Interview schedules were developed and piloted with stakeholder input and can be found in online supplemental file 1. The development of these were guided in part by the factors involved in the sustainability of community-based interventions found in the SCI-Dem Realist Review19 20 (summarised in online supplemental file 2) but also a modified SSM ‘BATWOE’ structure as outline in table 2.

Supplemental material

Supplemental material

Table 2

The elements of the SSM ‘BATWOE’ structure36 37

The content of interview and discussion transcripts pertaining to the sustainability of MCs will be extracted and categorised by theme (generated both deductively and inductively) using NVivo qualitative data analysis software.46 Two researchers will undertake this and independently theme and categorise 10% of each other’s workload and compare and discuss any discrepancies for standardisation purposes. Any remaining disagreements will be discussed with the whole research team, as will the final list of data categories. Data will then be analysed using SSM procedures,36 applying a sequence of steps to the data from each MC site to build a conceptual model of how things work which will be returned to participants to review. This will act as the basis for developing a Realist programme theory with all data combined (see work package 4)

Work package 3: a DCE to measure people’s willingness to pay for successful MCs

Successful implementation of evidence-based services in health and social care depends largely on the fit of the services with the values and priorities of stakeholders who are shaping and participating in their delivery and use.47 A flexible health economics tool for measuring choices in health and social care-related settings is the DCE,48 which measures preferences from individual decision-makers over alternative scenarios (or service provisions). Each alternative is described by several attributes (or characteristics) and the choices made between two or more competing scenarios subsequently determine how preferences are influenced by each attribute (eg, which attributes are valued as well as their relative importance). It can also provide a measure of the overall value attached to different alternatives (and identify optimal service provision that meets stakeholder requirements and have the best chance of sustainability in the long term). When a cost attribute is included, the DCE technique can also allow weighing of the benefits and costs of service provisions and calculating: how much stakeholders may be willing to pay for a particular service provision and measure how their willingness to pay may vary from current provision to their preferred option. Hence a DCE survey will be developed to measure people’s preferences for what can MC provides in terms of types of activities, social opportunities and emotional support, as well as the frequency of meetings, their availability and costs.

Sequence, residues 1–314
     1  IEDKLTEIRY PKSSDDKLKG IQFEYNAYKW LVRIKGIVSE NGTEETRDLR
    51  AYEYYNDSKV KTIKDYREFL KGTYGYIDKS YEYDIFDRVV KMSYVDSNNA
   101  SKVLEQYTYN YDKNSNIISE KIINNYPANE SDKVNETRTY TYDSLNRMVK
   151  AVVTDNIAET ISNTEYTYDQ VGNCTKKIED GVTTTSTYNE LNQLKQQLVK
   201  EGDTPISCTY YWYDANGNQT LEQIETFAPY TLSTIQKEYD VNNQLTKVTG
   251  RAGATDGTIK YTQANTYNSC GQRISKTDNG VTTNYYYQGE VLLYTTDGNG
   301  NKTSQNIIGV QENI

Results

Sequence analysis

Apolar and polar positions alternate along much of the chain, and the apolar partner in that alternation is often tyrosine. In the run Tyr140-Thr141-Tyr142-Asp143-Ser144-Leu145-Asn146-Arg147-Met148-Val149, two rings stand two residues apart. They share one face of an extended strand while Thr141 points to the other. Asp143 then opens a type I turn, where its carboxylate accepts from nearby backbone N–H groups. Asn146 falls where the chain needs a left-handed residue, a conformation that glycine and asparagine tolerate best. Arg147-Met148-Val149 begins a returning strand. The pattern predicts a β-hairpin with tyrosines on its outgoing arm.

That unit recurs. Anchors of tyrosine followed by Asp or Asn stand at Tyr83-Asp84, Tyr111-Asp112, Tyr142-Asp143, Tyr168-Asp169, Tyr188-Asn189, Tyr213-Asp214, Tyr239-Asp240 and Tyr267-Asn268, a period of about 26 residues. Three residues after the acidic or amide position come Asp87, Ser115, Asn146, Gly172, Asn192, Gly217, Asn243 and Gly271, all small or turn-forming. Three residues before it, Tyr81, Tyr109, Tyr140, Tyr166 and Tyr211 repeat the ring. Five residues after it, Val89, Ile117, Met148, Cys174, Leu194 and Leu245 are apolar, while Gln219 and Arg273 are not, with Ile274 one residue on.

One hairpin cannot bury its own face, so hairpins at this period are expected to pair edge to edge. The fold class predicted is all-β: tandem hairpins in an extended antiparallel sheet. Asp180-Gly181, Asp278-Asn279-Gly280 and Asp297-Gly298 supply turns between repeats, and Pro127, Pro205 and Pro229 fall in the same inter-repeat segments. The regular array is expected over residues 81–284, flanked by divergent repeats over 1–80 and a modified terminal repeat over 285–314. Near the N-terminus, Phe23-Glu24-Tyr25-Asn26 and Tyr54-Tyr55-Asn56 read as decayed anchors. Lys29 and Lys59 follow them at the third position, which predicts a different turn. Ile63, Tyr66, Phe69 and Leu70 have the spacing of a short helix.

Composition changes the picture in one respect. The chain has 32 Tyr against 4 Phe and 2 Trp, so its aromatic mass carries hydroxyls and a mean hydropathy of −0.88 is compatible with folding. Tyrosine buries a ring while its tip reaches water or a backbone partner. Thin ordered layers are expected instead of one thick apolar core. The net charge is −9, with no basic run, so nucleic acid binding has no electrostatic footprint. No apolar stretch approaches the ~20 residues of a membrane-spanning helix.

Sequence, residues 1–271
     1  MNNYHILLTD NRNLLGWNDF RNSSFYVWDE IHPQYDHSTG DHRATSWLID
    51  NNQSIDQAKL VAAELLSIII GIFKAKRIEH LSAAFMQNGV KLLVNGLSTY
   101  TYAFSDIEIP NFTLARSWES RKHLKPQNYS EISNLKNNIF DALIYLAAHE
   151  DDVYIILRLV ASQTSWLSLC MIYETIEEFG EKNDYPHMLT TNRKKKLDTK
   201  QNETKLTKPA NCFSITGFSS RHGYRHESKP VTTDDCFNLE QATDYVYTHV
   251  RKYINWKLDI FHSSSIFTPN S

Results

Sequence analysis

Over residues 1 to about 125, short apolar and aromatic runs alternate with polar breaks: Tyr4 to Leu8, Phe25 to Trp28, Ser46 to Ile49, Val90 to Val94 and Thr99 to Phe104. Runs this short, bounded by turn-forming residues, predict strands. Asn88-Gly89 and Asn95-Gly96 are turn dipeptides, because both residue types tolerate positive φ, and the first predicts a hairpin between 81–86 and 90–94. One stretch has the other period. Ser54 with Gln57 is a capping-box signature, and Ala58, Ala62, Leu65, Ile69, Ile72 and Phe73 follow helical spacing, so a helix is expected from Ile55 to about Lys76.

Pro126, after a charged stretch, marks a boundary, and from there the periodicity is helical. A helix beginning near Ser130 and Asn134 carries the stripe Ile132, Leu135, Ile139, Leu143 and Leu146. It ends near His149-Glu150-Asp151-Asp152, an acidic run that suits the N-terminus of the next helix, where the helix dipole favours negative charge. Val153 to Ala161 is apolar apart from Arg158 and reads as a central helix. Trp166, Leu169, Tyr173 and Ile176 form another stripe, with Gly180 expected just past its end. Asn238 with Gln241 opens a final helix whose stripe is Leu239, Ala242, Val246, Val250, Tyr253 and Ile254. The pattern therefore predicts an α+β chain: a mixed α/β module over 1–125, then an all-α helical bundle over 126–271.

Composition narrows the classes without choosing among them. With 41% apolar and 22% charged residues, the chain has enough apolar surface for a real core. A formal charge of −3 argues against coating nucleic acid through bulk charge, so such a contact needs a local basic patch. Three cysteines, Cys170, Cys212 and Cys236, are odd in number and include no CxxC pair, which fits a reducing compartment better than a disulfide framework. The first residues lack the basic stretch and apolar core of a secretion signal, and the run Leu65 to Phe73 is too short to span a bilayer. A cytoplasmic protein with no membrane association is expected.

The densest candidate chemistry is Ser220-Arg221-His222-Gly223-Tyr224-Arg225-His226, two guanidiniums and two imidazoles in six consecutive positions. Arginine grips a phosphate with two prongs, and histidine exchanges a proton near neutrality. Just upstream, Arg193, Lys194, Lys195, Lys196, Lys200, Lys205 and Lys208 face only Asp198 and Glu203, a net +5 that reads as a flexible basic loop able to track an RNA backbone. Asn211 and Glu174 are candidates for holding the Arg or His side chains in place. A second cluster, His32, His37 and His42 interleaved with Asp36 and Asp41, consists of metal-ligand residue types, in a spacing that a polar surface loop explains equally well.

The DCE follows steps as laid out in the standard guidelines.49 The attributes (characteristics) and their various levels will be informed by the essential features of an MC43 and the Adaptation-Coping Model,22 as well as data from our three case study sites regarding the typical range of cost to members and days/time open or available per week. Qualitative data regarding what members value about MCs, from early work package 2 interviews, will be then used to validate and refine the attributes and levels. PPI stakeholders will be also consulted on the development of the presentation, wording and format of the survey. Due to the cognitive load involved in completing the survey, our target group will be people who support/care for an attendee who is living with dementia, reporting preferences on their behalf. Triangulation focus groups (n=3–6 per MC site) will be conducted with people living with dementia at each MC to ensure the views of this population are not excluded. The questionnaire will be distributed via staff at all UK MCs, as either an online survey or paper copy, depending on preference, with the aim of securing responses from more than 300 people.49 50 Efficient experimental design techniques will be applied to create the DCE choice set51 and data will be modelled using logit techniques (NLOGIT V.6 software).

Work package 4: realist theory refinement and development of materials for practice